78. lip syncing is about shifting mouth positions

I’m lip syncing a large amount of dialogue for the Joe Pera sleep animation. In my last post on how to lip syncing I wrote that it’s about rhythm - that means you want to hit the timing of when the mouth is open or closed.

In this post I want to add to that idea. The most realistic mouth movement animation actually captures that motion and intention of the speaker - when we pop a “P” sound, there is a build up of momentum as the mouth prepares to POP! Same with the tongue moving through the mouth in an “L” sound, the sound rolls out.

It’s not easy animating a mouth. it takes forever and is one of the least noticeable animations. I see why some people just have the mouth hidden or open and close like a beak. Or use AI, or video syncing, or using a library of mouth positions. Drawing the mouth each time is not very time effective. The other downside to doing it manually is the inconsistencies in mouth shape and position that draw attention to the mouth.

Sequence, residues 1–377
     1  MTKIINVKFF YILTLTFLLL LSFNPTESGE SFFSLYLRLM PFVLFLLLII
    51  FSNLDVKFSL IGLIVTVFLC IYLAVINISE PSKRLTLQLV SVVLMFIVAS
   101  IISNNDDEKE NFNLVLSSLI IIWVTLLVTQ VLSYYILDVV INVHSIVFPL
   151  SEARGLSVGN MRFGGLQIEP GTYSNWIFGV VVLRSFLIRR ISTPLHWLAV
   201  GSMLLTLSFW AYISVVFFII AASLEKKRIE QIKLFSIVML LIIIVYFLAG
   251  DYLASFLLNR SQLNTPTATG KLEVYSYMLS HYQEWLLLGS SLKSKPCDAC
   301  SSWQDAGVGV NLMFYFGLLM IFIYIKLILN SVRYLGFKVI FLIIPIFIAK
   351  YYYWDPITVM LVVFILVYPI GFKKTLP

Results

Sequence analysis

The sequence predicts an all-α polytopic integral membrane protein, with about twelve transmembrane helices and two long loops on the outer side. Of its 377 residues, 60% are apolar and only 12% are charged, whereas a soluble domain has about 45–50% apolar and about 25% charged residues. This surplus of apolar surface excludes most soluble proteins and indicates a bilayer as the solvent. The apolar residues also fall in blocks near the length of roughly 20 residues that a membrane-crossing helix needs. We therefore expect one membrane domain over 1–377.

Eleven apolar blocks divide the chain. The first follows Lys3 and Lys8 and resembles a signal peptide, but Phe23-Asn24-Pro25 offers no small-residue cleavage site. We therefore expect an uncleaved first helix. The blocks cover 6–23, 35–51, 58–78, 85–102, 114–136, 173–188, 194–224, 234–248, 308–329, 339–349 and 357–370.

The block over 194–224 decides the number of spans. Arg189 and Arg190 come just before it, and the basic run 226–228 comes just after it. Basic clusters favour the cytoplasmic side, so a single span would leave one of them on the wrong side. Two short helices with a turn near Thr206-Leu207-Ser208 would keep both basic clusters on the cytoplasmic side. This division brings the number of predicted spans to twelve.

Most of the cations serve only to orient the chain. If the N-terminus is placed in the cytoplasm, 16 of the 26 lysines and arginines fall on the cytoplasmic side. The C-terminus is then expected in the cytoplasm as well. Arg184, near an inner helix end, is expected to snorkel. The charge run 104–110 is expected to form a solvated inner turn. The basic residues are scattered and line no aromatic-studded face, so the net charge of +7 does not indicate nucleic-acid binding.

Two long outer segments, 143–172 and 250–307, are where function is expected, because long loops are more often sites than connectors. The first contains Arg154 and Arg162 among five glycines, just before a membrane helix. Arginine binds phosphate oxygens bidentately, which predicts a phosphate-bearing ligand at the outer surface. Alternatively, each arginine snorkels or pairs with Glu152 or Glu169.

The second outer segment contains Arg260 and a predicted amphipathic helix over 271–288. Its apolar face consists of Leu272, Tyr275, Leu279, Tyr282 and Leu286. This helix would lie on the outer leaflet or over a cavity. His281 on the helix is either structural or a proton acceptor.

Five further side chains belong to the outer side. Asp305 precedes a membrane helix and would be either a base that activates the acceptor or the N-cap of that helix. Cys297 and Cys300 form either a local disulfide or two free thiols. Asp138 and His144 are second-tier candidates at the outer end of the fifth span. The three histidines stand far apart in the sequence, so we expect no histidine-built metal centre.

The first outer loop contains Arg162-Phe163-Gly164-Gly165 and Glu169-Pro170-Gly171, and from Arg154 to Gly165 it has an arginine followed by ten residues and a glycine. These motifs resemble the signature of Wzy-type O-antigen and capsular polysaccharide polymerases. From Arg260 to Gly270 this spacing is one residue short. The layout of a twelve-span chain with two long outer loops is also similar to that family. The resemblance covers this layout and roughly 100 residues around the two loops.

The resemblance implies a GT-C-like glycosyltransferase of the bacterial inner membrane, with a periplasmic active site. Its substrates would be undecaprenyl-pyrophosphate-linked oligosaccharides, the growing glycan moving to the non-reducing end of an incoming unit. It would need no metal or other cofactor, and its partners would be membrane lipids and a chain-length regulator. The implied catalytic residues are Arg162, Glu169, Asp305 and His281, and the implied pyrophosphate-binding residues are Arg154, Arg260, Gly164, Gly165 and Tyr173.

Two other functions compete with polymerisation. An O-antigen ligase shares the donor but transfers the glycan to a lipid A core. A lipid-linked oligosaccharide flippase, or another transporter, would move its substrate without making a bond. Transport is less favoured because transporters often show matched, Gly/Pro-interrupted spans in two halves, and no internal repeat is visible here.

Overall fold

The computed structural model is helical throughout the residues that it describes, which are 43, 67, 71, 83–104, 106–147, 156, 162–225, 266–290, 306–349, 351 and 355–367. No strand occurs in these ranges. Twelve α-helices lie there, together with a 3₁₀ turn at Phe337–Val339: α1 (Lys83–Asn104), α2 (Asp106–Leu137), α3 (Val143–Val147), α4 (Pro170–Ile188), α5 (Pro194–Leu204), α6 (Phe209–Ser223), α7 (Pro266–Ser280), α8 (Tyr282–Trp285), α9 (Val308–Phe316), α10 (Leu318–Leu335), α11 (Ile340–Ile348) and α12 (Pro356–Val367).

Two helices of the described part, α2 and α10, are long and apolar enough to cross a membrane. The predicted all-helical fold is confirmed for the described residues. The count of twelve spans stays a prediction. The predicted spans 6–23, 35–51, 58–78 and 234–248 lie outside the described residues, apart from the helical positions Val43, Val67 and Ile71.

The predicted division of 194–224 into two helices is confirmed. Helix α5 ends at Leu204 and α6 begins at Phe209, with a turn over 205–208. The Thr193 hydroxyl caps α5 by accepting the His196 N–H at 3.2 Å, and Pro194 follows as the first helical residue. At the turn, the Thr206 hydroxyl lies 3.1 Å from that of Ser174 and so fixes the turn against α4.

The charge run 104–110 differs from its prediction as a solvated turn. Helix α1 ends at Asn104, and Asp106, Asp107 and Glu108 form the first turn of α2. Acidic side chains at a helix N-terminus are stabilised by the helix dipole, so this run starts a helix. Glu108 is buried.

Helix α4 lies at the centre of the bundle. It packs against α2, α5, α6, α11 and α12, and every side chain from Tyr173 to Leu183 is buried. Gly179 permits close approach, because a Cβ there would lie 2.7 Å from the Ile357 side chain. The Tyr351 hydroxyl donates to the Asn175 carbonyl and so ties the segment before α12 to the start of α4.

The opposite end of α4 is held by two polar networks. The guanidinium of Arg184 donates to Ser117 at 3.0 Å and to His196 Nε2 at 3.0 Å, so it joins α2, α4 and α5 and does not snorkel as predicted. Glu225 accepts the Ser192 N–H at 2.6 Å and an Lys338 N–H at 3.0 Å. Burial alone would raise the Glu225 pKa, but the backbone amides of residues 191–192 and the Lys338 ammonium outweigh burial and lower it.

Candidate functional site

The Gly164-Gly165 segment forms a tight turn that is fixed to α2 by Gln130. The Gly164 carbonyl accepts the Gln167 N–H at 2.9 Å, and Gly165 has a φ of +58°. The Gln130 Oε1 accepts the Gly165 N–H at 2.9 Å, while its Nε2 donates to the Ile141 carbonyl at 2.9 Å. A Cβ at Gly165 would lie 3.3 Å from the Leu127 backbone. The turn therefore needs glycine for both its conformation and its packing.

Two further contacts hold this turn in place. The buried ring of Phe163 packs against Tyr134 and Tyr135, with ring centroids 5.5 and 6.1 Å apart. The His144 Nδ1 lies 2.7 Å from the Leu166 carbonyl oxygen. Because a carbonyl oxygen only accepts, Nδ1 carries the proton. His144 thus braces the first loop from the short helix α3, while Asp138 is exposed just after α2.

I’m looking forward to seeing this project done, it’s been a ton of hours of detailed work. I was wondering how many hours I’ve animated in my life, have I hit 10,000? I think it’s possible, I’ve definitely spent 100 hours on certain animations. Yet, the actual time I’ve spent animating are not as high. Sure, the design process and keyframing and drawing are a huge part of the pipeline but I kind of want to just animate. that means truly changing shapes and exploring perspective. I’m so inspired by projects like Scavenger’s Reign and King of the Hill which show such subtlety and care. I’m not sure if there is work but there certainly is a lot to do.

© Jeremy Nir
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